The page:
MORGANTOWN - In West Virginia's first game of the season, the Mountaineers gained 409 yards and scored 24 points against FCS William & Mary. They needed a touchdown with 31/2 minutes to play just to win.
Through the next four games, those numbers declined. WVU was averaging less than 400 yards of total offense and just over 20 points per game. Last week's loss at Baylor inflated the scoring average thanks to 42 points, but two of the touchdowns were scored by defense and special teams and two others after the Mountaineers had fallen behind 56-14 and Baylor substituted.
The total yardage figure was again right about at the average - 394 yards.
And so through six games, playing under a coach whose calling card always has been offense, West Virginia ranks 94th (out of 123 FBS schools) in scoring, 79th in total offense, 102nd in red-zone offense, 105th in pass completion percentage, 113th in third-down conversion rate, 115th in turnovers and 118th in fumbles lost.
Of all the offensive statistics kept by the NCAA, West Virginia's highest rank is in first downs, at No. 40.
"I knew we were going to be a work in progress,'' said that offensive-minded coach, Dana Holgorsen. "I knew it and everybody knew it.''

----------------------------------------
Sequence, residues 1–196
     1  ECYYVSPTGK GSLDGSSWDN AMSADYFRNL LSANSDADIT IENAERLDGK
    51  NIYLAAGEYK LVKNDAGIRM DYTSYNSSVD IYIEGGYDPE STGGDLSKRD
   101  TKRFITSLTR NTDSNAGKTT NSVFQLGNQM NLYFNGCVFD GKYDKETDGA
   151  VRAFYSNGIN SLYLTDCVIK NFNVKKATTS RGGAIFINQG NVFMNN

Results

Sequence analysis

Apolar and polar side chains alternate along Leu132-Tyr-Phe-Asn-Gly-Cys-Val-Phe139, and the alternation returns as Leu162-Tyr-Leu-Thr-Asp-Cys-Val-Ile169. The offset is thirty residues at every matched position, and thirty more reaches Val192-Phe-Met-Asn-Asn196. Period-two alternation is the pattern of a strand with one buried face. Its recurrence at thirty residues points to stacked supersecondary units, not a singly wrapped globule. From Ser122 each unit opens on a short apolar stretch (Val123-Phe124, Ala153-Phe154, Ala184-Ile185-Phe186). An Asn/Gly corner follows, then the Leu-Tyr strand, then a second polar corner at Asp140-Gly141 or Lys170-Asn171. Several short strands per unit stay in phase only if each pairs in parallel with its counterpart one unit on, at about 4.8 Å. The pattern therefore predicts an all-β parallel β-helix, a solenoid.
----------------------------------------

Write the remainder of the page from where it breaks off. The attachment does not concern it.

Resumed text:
Yes, but few expected it to be this much work.
"I wanted it to come together quicker. I wish I was sitting here after six games saying that we know who we are, where we're at and where we're going,'' Holgorsen said. "That's not the current situation and it's not anyone's fault.
"We've played some pretty good teams. We have a lot of inexperience and we have some injuries. We're dealing with a lot of stuff that teams across the country are dealing with.''
Indeed, West Virginia's offense has issues, not the least of which is inexperience. Few expected the Mountaineers to match the record-breaking numbers that Geno Smith, Tavon Austin, Stedman Bailey and others helped create the last two seasons. The quarterbacks, receivers and running backs are almost all new, some arriving on campus only this summer. The offensive line is in transition.
And even the offensive position coaches are all new. Ron Crook (line), Lonnie Galloway (receivers) and JaJuan Seider (backs) are in their first year, and coordinator Shannon Dawson moved from receivers to quarterbacks coach.
Yet Holgorsen insists the offense is getting better.